So as a community, we’ve collectively decided that the best way to achieve trust is to use a popular and well understood FOSS licence when you publish code. Not public domain.

      SQLite has dedicated their code to the public domain. That’s great, but they have had to take extreme measures to make this work for them, their customers, and their contributors. I don’t want to subject myself to that hassle, I don’t want to subject contributors to my FOSS projects to that hassle. My code wouldn’t be usable to businesses unless I did what SQLite does, and I don’t want the hassle. I do have businesses using my code, and I have no particular ill will towards them: it’s cool that they use my code as long as it doesn’t create bureaucracy for me. So public domain is a very high friction proposition, and therefore it isn’t fast and cheap, which is what you say you want.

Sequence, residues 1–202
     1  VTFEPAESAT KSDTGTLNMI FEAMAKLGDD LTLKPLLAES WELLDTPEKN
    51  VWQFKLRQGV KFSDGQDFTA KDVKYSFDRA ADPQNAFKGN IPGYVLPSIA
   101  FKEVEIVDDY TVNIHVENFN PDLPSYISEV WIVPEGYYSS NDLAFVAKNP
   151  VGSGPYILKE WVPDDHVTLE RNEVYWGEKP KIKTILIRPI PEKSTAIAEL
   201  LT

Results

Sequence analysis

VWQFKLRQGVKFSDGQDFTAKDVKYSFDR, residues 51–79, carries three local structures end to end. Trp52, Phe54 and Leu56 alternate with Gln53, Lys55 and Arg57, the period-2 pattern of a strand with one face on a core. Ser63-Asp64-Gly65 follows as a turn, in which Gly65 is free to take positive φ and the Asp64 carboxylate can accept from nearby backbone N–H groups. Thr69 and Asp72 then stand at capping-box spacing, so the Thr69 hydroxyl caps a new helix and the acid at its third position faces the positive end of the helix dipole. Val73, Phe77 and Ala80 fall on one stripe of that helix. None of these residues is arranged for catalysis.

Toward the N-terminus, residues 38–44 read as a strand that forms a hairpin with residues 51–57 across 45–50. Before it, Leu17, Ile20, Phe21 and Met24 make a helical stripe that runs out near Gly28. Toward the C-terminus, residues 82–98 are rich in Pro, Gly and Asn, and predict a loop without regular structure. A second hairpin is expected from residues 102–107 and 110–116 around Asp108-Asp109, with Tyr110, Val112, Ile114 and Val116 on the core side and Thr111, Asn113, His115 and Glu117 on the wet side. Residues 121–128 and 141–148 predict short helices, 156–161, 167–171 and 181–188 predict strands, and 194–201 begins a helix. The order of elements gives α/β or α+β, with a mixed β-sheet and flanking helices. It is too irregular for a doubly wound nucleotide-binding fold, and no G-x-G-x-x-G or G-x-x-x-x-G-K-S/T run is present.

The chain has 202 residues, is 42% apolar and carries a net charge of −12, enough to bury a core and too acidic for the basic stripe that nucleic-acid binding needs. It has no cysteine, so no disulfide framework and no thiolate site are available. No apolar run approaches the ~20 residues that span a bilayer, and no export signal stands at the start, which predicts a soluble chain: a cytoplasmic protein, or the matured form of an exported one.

In order to be public domain, SQLite has imposed the following burdens on themselves:

      • they cannot use external library dependencies (other than the standard C library I guess)
      • they cannot accept contributions from external developers, unless those developers sign a legal document.
      • In order to enable businesses to use their code, they will sell a Warranty of Title to anyone who needs one.

      So much hassle. https://www.sqlite.org/copyright.html